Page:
Politics can be a difficult animal to grasp. They can either feel very distant – like nothing more than elections and the machinations of lawmakers far-removed from their constituencies – or too intellectual and abstract – like a thick academic exercise in which seemingly everyday behavior is politicized and its modes of discourse and influence dissected. While both these aspects of politics are important, neither feels tangible, close. After all, if you wanted to become more politically active, how would you do it? Run for a Senate seat? Get a PhD? Probably neither – but there must be a way to be connected, involved. In her books, “Letters to a Young Therapist” and “The Middle of Everywhere,” Mary Pipher limns a closer, more personal path.
Pipher, a retired psychiatrist, was a clinical supervisor for the University of Nebraska’s graduate psychology program for a number of years. “Letters to a Young Therapist” is structured as a series of letters to “Laura,” an archetypal graduate student who is learning to practice on her own. Pipher introduces herself by telling the story of her start: “In 1972 I saw my first therapy client, a young homeless woman from a brutal alcoholic family.” (p. xi) After describing how the woman whispered about rapes and beatings and winced whenever she received even the smallest verbal compliment, Pipher reflected that, after three years of reasonably successful therapy, “No doubt I learned more from her than she learned from me.” (p. xi)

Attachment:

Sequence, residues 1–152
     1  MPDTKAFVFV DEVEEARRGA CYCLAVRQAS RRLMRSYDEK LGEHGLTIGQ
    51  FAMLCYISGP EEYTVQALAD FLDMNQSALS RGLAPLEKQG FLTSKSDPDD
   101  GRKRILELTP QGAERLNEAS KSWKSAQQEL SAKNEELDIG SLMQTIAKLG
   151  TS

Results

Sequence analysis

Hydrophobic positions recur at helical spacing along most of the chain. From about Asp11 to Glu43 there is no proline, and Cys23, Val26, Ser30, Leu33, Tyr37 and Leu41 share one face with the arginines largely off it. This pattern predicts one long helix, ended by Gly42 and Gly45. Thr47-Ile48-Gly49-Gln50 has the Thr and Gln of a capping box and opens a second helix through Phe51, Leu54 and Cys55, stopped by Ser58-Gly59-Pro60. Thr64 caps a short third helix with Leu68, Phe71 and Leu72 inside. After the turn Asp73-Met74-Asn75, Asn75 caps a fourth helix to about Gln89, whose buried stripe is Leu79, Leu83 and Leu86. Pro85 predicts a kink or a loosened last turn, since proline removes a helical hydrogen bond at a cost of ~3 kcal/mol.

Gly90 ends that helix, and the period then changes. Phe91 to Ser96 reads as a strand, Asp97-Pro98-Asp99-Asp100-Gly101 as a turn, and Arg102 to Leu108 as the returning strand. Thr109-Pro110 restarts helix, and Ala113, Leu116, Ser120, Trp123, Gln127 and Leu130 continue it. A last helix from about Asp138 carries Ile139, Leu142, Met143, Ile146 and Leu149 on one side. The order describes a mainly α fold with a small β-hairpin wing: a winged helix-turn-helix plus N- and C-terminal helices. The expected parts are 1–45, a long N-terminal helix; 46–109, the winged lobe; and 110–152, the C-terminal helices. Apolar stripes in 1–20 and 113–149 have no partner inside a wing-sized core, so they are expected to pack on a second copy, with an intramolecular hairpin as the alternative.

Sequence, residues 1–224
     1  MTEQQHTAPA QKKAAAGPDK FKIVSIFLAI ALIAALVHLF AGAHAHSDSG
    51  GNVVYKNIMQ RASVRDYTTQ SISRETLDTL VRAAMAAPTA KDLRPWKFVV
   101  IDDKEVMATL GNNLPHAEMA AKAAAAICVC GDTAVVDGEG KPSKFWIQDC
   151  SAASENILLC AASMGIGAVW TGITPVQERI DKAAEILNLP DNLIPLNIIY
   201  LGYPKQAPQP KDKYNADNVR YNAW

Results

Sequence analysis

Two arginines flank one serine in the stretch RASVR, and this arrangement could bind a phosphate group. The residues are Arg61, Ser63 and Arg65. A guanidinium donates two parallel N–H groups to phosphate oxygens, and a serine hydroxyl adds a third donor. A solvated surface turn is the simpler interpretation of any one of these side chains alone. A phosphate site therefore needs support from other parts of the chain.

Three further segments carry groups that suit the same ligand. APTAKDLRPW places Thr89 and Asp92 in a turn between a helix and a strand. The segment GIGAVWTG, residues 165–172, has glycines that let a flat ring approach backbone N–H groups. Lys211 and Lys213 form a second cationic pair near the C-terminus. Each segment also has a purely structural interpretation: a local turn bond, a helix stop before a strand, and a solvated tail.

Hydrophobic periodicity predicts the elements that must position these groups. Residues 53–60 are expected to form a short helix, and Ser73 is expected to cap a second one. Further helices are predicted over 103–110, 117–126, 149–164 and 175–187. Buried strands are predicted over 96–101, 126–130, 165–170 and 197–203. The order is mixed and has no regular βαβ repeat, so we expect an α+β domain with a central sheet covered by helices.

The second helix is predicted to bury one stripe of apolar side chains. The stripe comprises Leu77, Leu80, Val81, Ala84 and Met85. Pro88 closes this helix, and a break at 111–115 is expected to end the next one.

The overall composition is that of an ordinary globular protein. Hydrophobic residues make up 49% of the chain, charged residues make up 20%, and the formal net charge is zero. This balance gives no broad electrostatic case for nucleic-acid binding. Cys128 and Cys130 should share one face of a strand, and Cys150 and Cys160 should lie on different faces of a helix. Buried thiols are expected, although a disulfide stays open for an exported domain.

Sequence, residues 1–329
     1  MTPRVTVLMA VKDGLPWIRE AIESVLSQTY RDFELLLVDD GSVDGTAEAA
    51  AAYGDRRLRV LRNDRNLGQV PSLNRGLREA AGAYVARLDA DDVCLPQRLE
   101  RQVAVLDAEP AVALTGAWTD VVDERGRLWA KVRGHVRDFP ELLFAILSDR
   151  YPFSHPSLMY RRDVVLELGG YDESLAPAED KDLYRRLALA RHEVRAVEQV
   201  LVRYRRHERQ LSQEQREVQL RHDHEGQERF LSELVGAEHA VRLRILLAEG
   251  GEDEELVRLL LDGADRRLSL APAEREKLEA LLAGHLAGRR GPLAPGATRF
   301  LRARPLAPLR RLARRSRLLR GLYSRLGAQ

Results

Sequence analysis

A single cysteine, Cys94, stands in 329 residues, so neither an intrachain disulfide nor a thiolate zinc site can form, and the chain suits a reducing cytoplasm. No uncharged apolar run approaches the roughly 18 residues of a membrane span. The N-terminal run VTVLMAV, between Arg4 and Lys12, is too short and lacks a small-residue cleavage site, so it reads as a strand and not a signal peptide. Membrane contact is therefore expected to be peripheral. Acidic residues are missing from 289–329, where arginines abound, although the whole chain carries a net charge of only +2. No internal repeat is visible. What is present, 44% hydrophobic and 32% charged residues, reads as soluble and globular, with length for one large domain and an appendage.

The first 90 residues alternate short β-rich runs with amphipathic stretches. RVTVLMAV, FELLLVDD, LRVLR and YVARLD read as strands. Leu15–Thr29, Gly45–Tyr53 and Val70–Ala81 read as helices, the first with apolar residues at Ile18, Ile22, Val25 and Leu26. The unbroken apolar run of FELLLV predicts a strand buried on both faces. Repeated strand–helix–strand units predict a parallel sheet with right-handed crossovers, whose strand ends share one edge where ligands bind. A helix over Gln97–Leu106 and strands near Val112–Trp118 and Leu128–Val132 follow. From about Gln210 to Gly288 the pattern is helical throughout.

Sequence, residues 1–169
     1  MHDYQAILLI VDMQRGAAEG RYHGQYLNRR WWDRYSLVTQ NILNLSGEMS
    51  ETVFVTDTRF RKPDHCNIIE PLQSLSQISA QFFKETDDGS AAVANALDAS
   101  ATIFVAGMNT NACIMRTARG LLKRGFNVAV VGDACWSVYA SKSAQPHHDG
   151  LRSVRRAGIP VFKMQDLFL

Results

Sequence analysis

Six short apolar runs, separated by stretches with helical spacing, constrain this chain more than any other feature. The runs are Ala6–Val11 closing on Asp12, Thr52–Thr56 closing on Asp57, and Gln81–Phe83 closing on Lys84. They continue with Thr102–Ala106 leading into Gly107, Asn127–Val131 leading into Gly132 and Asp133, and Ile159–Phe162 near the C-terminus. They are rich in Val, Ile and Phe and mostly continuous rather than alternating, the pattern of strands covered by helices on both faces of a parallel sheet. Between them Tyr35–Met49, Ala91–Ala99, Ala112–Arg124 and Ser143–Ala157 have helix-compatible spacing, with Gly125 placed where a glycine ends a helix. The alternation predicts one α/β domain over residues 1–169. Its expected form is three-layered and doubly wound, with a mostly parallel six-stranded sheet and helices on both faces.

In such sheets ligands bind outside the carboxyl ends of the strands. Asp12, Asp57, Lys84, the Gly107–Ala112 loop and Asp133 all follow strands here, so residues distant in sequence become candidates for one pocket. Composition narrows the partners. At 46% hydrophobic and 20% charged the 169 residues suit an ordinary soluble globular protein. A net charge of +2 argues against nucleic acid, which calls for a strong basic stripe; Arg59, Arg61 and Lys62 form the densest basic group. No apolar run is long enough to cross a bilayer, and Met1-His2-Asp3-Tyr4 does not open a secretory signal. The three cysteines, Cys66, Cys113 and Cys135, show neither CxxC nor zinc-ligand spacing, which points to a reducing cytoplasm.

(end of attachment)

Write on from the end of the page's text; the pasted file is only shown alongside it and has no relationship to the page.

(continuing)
Such humility and compassion pervades “Letters,” which was written throughout 2002 and follows the progression of the seasons. Each letter opens with a theme, such as “marriage,” or “danger,” and provides related practical advice on how a therapist should handle things such as bickering couples or potentially violent clients. Sentences such as, “Bipolar disorder and schizophrenia are more easily managed if the client isn’t homeless, fighting breast cancer, drinking heavily, or in an abusive relationship,” (p. 82) have the ring of common sense, and yet also have an underlying depth: Pipher is careful to credit the complexity of each client’s life and approach it with patience and perseverance. Moreover, her careful observation and commitment to her craft over the course of her career allow her to give simple, cutting insights, such as when she discusses communication in marriage: “Good communication doesn’t mean saying everything. Lots of couples who communicate spend their time nagging, criticizing, and venting, none of which necessarily helps.” (p. 101) Throughout “Letters,” Pipher is funny, kind, generous and inquisitive as she gives guidance to a younger generation.
Reading “The Middle of Everywhere” provides a wonderful contrast to “Letters.” The book presents Pipher in a different role – that of a self-styled “cultural broker” for refugees who have arrived in her hometown of Lincoln, Nebraska. As she says, “One of the best ways to understand the refugee experience is to befriend a family of new arrivals and observe their experience in our country for the first year. That first year is the hardest.” (p. 24) Pipher tells stories of refugees from, among other places, Sierra Leone, Afghanistan, Vietnam and Sudan.
But “Everywhere” is not a tell-all; it is a call to action. Pipher structures the work around her own progression as a cultural broker – she describes how, after she befriends a family from Pakistan, she quickly becomes an impromptu driving instructor, helps the daughters of the family navigate the city’s educational system and takes the family camping to show them the glories of the Great Plains. Throughout the book, Pipher talks not only about the difficulties refugees face in adjusting to American culture, but also about the difficulties she herself faces in helping the families – for example, the Helleresque horrors of dealing with the Immigration and Naturalization Service (INS) and the Occupational Safety and Health Administration (OSHA), or the care she must take not to accidentally offend someone due to a cultural misunderstanding.